Journalism history so far has mostly been a national endeavour. As a field of study, it emerged in parallel with the rise of the nation state and the construction of national identities. This special issue, edited by Frank Harbers and Marcel Broersma, aims to expand the boundaries of scholarship and study journalism history through a transnational lens. All articles demonstrate the importance of international networks for the transfer of norms, practices and forms, but also how individual journalists acted as change agents. Beyond personal contacts between journalists from different countries, the special issue also shows how textual conventions, ranging from genres to style, presentation and illustrations, that were 'invented' in one country inspired journalists in other countries to pick up on this and to adapt foreign examples in a local context.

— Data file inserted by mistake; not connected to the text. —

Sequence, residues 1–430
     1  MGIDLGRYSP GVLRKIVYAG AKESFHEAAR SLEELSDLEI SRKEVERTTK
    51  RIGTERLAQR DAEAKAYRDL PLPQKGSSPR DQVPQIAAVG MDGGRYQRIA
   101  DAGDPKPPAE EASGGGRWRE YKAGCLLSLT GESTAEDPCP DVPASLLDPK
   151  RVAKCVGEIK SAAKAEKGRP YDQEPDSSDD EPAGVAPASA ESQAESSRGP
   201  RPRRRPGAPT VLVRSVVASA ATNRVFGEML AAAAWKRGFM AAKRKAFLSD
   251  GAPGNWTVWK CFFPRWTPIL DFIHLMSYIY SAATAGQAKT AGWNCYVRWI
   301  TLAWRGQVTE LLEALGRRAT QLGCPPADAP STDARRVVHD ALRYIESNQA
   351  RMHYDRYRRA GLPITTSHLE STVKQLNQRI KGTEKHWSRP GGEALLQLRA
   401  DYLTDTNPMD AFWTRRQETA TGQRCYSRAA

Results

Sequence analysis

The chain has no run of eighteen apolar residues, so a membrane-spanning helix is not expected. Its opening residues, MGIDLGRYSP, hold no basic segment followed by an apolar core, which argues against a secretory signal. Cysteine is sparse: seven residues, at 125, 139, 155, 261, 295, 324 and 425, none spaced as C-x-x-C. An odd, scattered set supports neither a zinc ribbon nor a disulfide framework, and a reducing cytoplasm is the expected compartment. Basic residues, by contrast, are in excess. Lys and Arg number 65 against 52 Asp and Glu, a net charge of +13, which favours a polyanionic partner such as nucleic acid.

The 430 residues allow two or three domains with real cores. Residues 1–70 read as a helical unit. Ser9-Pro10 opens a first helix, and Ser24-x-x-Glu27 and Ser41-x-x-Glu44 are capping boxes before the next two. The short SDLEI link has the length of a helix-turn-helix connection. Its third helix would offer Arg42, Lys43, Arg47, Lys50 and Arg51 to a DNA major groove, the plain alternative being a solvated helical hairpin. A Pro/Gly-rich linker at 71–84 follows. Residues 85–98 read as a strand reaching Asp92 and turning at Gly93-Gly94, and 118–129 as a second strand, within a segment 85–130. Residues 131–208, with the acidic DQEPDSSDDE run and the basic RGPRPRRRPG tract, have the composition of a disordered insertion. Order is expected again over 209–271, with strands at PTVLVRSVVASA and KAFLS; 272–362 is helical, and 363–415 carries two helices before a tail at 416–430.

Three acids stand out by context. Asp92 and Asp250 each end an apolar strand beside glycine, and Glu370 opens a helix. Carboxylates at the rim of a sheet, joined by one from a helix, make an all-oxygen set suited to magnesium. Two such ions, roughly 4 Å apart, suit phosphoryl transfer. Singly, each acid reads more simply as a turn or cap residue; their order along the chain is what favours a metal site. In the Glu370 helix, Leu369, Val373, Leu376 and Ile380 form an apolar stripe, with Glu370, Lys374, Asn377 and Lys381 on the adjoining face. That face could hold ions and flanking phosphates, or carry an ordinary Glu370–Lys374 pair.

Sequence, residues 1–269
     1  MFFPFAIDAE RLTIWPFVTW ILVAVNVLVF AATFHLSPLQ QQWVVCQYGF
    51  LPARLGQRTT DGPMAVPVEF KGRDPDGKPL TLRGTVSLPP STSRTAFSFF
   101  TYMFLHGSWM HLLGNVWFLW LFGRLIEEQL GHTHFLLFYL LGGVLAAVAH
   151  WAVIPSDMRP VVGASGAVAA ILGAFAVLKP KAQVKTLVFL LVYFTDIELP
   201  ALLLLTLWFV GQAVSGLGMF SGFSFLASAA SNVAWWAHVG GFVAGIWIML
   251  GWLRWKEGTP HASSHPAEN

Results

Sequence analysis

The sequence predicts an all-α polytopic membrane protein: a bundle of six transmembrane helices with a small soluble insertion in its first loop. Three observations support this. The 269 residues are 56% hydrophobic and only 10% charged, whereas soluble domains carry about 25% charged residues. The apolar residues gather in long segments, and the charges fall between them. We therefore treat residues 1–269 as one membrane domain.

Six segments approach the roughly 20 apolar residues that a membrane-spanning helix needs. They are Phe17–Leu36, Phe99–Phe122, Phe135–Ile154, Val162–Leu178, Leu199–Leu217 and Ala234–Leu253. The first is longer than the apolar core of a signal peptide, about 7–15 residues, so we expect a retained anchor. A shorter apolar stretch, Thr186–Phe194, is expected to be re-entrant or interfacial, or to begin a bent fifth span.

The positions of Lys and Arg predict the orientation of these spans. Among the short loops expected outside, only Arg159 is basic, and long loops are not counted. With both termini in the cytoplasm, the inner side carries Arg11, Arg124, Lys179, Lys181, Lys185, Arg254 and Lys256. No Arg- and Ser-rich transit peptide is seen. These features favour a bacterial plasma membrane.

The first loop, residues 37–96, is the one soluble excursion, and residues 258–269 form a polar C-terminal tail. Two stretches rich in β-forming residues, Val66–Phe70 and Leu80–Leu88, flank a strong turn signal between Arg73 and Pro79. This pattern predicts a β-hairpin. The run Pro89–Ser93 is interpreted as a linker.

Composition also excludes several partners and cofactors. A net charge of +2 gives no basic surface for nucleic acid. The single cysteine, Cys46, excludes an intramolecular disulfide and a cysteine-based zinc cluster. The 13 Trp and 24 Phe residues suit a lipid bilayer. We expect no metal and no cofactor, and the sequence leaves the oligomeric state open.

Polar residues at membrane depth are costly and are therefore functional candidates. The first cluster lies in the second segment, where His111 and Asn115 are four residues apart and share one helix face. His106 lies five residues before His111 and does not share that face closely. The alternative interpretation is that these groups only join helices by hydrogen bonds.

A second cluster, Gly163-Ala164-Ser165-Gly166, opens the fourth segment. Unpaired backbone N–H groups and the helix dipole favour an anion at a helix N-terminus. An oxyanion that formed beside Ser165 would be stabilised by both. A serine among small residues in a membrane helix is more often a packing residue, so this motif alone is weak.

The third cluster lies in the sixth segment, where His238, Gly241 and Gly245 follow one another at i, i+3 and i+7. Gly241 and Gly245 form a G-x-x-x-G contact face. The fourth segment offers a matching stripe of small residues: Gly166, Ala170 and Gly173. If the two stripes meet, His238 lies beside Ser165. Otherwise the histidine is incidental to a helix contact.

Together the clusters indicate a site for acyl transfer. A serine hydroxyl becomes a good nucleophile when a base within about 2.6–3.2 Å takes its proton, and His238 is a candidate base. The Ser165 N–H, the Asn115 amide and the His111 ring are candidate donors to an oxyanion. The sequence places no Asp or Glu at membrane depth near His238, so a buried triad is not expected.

Cover source: A.B.C. Telegraphic Code 5th Edition, Wikipedia